temperatures and break down under adverse conditions.
the lubrication system. Both types are discussed in
paragraphs 20-4 and 20-5.
b. Synthetic Oils. Synthetic oils are commonly used
c. Scavenger Pumps. These pumps are used to
as the lubrication medium. They are treated with the
collect oil that has passed through the components to be
proper compounds to allow them to withstand extreme
lubricated. The pumps then pressurize the oil to force it
operating conditions. More information on synthetic oils
to the next stage in the lubrication system. Both gear
can be found in chapter 8.
and rotor pumps generally are used for scavenging
Lubrication System Components.
construction and operation of components common to
d. Filters. Oil filters are used to help remove
most gas turbine engines is discussed below.
impurities from the oil. They are serviced at regular
intervals. Three basic types of oil filters are used in
a. Oil Tanks. Oil tanks are used for onboard
turbine engines: screen, screen disk, and cartridge. The
storage of oil for the lubrication system. They usually are
screen and screen-disk type filters are cleaned and
made of welded sheet aluminum or steel. Cooling fins
reused while the cartridge type is removed and replaced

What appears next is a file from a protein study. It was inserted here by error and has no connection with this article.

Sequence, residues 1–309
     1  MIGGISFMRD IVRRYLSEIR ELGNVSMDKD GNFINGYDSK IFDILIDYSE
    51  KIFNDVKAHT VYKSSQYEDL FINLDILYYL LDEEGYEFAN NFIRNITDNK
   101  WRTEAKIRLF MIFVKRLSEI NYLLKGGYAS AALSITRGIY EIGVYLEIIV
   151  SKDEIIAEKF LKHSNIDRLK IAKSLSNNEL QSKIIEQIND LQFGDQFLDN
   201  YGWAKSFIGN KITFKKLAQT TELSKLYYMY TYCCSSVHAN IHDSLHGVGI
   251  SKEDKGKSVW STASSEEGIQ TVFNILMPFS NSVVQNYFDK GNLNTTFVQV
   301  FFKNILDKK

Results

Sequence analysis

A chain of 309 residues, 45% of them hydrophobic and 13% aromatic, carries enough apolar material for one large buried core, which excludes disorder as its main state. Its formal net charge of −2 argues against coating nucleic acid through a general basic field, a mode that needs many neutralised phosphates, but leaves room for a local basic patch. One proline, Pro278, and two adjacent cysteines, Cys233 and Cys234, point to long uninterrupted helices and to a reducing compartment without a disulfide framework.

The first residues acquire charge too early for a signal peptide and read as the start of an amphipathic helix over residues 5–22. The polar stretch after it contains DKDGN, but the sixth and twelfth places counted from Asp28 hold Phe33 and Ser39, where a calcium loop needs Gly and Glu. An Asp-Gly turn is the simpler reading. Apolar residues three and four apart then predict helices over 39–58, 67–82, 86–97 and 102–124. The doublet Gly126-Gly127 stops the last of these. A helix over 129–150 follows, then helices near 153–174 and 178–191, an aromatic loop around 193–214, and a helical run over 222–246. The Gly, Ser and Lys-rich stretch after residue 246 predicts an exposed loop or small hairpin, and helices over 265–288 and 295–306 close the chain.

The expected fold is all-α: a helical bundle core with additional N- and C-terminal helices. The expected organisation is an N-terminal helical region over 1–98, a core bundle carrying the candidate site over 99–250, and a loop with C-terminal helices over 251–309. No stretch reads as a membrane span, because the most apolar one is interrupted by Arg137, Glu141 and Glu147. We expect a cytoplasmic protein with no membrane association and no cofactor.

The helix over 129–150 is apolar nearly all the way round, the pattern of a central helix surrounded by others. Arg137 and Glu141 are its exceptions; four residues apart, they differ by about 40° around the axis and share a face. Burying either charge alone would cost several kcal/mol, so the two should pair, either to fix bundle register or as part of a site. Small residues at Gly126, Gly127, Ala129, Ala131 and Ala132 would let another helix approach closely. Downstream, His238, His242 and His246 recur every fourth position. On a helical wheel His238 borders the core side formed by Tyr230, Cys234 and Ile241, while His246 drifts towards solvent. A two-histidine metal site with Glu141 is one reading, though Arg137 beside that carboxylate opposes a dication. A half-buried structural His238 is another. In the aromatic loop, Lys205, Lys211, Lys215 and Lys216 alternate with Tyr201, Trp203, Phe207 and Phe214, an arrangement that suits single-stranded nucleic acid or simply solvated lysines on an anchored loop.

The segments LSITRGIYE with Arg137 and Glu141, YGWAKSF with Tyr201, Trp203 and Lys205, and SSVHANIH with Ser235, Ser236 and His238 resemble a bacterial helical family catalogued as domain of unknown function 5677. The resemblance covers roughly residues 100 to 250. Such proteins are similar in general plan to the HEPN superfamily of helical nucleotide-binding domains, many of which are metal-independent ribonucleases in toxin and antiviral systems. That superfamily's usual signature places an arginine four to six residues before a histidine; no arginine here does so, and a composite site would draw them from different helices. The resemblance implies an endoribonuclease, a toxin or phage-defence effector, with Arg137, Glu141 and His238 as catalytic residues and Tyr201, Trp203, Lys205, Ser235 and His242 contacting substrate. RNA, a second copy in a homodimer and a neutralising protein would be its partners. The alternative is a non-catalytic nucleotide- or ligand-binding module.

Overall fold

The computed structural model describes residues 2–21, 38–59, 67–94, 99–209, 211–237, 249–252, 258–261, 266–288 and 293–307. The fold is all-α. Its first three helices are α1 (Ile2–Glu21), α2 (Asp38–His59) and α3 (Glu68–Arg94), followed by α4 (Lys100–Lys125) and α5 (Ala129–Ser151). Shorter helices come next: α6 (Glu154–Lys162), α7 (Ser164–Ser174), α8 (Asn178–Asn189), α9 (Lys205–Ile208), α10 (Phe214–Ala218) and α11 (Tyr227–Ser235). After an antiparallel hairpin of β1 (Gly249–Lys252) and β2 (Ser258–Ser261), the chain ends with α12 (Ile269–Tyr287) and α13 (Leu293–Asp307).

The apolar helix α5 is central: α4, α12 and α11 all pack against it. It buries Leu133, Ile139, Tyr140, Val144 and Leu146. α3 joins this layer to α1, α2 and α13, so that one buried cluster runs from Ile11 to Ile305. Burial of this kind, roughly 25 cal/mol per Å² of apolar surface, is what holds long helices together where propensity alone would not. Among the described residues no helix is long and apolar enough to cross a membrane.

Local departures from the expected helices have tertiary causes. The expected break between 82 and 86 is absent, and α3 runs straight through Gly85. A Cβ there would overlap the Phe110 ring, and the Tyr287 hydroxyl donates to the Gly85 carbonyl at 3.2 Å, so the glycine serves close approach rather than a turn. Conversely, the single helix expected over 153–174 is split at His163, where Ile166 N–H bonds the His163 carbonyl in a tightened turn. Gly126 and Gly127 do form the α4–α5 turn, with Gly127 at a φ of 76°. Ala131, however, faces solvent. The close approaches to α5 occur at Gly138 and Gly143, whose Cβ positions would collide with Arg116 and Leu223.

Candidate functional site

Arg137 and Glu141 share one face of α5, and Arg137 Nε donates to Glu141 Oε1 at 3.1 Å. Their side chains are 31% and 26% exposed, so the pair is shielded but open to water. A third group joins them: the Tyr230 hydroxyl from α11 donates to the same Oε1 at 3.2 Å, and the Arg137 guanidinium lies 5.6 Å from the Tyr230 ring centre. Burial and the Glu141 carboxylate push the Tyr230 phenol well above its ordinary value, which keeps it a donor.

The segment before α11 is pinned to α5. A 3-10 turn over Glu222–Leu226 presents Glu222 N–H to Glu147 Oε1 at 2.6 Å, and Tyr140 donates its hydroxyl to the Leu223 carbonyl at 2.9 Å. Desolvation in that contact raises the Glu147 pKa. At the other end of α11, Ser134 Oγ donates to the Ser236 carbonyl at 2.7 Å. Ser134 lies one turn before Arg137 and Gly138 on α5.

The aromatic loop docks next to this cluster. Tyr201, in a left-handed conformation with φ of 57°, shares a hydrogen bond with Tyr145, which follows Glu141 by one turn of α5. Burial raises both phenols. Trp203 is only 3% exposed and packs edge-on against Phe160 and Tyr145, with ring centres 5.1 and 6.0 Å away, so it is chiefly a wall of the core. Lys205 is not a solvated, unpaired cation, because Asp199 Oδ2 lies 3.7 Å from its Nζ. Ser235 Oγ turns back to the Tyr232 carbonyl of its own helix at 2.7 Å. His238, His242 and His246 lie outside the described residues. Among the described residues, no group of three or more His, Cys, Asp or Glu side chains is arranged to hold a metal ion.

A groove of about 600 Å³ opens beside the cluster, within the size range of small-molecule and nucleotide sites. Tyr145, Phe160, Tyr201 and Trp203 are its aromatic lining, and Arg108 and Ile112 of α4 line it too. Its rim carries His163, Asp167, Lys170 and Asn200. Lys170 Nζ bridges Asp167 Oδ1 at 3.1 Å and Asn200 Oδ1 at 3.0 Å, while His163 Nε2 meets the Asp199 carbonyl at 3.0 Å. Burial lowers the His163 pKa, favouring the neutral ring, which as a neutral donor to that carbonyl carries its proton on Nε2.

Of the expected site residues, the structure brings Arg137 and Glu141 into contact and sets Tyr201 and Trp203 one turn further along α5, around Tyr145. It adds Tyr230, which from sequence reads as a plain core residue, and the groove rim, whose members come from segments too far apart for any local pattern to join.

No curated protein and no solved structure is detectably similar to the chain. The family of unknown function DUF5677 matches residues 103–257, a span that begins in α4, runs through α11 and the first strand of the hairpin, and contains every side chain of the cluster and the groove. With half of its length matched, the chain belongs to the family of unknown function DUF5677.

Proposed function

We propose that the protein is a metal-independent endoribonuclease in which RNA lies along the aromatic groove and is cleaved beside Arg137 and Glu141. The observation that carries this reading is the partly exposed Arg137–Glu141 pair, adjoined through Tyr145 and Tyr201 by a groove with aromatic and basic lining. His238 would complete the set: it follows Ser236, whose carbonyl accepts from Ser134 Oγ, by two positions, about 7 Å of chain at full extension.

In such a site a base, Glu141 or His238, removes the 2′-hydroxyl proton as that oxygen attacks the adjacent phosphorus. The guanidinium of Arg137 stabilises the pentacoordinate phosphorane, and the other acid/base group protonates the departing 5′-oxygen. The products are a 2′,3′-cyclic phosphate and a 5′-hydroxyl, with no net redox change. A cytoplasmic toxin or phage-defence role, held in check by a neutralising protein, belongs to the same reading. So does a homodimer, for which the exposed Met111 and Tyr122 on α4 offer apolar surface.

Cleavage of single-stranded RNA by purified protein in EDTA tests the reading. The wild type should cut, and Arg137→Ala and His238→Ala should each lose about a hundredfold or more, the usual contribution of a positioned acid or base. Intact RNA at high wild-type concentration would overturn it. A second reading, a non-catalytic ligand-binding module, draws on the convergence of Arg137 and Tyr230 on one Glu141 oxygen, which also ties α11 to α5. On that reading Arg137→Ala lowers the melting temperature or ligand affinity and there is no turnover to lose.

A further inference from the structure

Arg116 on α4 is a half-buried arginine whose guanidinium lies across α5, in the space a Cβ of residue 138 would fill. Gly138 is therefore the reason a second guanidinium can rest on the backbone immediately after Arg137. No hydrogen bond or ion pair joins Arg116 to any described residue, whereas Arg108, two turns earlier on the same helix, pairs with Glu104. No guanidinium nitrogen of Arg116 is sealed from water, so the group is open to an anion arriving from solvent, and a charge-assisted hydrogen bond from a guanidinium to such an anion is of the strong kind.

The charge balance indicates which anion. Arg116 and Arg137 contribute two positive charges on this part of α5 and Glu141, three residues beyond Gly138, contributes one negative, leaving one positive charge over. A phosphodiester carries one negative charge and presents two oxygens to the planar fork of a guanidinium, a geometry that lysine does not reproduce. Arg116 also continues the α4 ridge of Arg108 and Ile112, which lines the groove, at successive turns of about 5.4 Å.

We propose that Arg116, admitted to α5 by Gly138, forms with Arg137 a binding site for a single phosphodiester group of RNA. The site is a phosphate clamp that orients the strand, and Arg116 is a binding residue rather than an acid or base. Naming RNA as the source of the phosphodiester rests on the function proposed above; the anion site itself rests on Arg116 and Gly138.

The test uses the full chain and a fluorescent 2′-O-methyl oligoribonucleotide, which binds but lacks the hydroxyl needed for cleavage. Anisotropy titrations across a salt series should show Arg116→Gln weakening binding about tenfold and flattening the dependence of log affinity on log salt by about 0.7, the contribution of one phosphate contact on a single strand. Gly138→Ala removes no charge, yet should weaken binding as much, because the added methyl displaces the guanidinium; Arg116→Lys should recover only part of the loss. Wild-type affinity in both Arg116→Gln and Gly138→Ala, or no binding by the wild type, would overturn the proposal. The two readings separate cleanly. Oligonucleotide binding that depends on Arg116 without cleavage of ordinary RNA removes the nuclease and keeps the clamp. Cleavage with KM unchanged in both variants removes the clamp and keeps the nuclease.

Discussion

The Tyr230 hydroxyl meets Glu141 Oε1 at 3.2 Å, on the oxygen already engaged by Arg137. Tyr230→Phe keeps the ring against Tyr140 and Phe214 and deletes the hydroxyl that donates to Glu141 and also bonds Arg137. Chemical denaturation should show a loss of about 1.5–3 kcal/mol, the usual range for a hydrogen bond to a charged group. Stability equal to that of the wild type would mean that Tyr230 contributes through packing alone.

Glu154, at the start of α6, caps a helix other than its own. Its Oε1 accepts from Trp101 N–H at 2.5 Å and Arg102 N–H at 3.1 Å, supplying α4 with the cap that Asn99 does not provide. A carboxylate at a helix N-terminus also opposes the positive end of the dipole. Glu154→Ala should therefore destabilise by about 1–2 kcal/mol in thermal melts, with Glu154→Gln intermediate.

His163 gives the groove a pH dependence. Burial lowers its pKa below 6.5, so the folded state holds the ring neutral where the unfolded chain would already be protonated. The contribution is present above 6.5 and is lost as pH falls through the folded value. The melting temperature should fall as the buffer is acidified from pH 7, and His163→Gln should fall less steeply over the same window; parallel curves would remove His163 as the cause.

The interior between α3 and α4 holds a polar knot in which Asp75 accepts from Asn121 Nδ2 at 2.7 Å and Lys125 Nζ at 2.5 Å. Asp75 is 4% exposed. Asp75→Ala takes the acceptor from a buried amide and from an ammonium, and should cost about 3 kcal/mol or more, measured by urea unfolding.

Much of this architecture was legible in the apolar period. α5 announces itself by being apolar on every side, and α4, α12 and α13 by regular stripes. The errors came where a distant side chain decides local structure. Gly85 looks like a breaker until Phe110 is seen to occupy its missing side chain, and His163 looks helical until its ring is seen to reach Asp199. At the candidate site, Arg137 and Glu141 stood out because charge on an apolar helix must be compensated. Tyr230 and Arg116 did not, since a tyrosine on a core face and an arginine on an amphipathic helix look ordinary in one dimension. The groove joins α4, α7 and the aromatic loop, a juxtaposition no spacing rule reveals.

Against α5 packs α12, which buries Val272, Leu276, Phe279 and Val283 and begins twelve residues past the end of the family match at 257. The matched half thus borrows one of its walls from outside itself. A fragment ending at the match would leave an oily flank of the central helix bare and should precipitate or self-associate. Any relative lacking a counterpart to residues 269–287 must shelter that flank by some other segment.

sometimes are used to provide additional heat transfer
by a new one.
through the sides of the tank. Oil tanks sometimes are
pressurized to ensure a constant supply of oil to the
e. Oil Coolers. Oil coolers are designed to transfer
pressure pump. A typical oil tank with dipstick is shown
unwanted heat from lubricating oil to another medium,
usually fuel or a passing air stream. The fuel-oil cooler
uses a high volume of fuel with respect to oil passing
b. Pressure Pumps. Both gear-and rotor-type
through the cooler to transfer unwanted heat from the oil
pumps are used to generate fluid pressure for
to fuel. A typical fuel-oil cooler is illustrated in figure 10-
21. The air-oil cooler is the same type as the one
discussed in paragraph 8-14.
Figure 10-20. Typical Oil Storage Tank